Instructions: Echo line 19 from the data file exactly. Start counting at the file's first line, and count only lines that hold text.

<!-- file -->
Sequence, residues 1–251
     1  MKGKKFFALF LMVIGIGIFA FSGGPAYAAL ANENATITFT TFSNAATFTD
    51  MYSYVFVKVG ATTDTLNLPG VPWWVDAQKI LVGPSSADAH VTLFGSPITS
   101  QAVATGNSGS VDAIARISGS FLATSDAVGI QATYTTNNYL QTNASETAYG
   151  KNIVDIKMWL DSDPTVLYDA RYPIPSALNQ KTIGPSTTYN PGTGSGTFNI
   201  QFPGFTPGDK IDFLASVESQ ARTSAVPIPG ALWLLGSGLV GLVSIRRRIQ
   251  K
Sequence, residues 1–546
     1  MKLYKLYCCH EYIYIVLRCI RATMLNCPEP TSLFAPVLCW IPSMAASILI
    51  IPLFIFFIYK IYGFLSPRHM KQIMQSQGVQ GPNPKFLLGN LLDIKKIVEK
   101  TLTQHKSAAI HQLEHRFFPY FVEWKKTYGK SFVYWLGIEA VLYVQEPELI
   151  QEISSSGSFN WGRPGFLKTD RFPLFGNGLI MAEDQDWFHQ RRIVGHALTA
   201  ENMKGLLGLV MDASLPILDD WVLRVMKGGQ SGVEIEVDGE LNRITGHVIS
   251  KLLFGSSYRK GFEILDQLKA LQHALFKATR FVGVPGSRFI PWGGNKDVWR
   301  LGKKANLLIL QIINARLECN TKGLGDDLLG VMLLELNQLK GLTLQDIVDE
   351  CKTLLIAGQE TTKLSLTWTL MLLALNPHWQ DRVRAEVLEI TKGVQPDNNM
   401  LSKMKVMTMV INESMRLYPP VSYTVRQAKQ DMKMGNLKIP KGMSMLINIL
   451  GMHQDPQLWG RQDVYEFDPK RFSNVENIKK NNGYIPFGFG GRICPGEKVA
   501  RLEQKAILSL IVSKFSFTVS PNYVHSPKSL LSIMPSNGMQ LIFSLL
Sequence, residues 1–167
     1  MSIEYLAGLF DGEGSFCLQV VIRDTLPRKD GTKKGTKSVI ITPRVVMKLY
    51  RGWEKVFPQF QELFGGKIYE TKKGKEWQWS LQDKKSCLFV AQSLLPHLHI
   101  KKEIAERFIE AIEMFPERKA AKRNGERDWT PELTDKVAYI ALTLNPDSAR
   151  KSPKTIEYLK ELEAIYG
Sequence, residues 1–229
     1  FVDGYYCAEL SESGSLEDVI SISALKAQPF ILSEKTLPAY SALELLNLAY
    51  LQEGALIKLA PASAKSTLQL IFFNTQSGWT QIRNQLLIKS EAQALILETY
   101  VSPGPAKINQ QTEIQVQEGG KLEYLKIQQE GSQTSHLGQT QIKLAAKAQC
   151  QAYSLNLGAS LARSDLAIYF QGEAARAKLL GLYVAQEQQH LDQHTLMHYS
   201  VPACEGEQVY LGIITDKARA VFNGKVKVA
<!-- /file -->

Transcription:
   501  RLEQKAILSL IVSKFSFTVS PNYVHSPKSL LSIMPSNGMQ LIFSLL